Frank Myers Boggs Paintings

Frank Myers Boggs was an American-born artist known for his paintings that often depicted seascapes, harbor scenes, and French landscapes. Born on December 6, 1855, in Springfield, Ohio, Boggs spent much of his career in France, where he became a naturalized citizen in 1923.

Boggs studied at the National Academy of Design in New York and later moved to Paris to further his education at the École des Beaux-Arts, where he studied under Jean-Léon Gérôme, a prominent French painter and sculptor known for his academic style. Boggs was influenced by the French Barbizon school and the Impressionists, particularly their use of light and color.

During his time in France, Boggs traveled extensively, capturing the various landscapes and cityscapes he encountered. He became particularly well-known for his depictions of Paris and its waterways, as well as the coastlines of Normandy and Brittany. His work is characterized by a fluidity of brushwork and a keen sense of atmosphere, which he used to convey the mood of the environments he painted.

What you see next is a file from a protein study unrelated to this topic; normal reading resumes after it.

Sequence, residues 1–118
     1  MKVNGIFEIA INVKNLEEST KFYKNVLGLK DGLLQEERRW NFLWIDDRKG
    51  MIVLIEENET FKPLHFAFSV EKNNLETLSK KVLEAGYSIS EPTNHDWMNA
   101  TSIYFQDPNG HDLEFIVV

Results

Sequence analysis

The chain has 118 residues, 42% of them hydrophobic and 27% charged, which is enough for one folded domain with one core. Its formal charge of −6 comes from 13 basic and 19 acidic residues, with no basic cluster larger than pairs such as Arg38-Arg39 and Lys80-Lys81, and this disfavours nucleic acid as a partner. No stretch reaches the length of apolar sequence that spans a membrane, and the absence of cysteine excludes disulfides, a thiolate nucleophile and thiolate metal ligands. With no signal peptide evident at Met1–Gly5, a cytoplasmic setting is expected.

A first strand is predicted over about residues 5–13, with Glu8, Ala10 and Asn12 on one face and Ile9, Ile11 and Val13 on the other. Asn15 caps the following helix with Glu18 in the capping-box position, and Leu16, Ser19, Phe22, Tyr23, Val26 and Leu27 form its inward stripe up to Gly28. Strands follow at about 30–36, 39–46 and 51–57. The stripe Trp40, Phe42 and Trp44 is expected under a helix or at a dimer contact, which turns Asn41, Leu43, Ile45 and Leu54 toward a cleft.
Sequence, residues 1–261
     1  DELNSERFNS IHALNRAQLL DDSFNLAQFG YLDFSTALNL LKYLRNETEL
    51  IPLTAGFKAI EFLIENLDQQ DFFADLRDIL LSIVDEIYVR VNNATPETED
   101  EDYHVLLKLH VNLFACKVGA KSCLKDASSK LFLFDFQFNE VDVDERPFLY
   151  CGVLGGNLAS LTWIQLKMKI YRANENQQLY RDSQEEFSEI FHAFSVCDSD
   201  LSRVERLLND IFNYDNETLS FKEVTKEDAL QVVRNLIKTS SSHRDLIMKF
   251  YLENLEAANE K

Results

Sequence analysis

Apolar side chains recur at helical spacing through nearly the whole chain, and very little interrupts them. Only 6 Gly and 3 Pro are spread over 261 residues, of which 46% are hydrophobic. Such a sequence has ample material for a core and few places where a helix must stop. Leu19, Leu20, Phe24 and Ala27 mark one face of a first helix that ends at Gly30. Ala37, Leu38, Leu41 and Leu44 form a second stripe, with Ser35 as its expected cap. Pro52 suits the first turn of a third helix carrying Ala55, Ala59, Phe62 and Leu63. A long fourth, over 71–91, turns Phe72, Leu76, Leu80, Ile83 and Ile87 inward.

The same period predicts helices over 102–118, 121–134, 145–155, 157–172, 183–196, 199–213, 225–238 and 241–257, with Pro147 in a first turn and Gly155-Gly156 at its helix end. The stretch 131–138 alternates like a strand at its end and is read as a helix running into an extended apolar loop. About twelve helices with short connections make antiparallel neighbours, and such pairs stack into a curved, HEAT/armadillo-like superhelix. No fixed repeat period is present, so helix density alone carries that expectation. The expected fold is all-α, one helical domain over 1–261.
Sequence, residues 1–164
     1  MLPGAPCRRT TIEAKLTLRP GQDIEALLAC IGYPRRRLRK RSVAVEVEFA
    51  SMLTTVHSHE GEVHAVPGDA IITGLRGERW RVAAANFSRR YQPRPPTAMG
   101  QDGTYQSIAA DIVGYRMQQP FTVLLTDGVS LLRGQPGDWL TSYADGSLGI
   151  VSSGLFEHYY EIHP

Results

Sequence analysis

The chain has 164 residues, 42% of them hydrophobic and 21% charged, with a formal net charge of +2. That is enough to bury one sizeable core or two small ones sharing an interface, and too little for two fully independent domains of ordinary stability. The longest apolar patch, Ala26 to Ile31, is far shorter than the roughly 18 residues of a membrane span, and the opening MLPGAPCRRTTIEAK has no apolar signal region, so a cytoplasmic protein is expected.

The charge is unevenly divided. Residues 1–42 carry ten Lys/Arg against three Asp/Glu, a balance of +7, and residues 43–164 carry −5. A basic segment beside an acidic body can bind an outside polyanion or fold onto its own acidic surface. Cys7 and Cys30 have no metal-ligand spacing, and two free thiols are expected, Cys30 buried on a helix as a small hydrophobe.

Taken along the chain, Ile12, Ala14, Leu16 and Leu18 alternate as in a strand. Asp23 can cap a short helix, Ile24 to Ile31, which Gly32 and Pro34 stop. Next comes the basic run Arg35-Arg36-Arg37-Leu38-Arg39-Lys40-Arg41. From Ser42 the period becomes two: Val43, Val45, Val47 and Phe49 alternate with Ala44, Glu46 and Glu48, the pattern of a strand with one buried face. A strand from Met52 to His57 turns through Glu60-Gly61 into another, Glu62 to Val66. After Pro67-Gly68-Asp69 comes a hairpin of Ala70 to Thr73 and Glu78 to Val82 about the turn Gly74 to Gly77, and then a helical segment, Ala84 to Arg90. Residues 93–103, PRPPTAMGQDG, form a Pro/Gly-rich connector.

Frank Myers Boggs exhibited his work in both the United States and France, earning medals at the Paris Salon and the Exposition Universelle in Paris. His paintings were also shown at the Pennsylvania Academy of the Fine Arts and the National Academy of Design in the US.

In addition to his painting, Boggs created etchings and was a member of the Société des Artistes Français and the Société Nationale des Beaux-Arts. His works can be found in various museum collections, including the Musée d'Orsay in Paris and the Metropolitan Museum of Art in New York.

Frank Myers Boggs passed away in Meudon, France, on August 8, 1926. Despite spending much of his life in France, Boggs remained relatively unknown in his native country. However, his contributions to the artistic scenes in both the United States and France continue to be recognized by art historians and collectors today.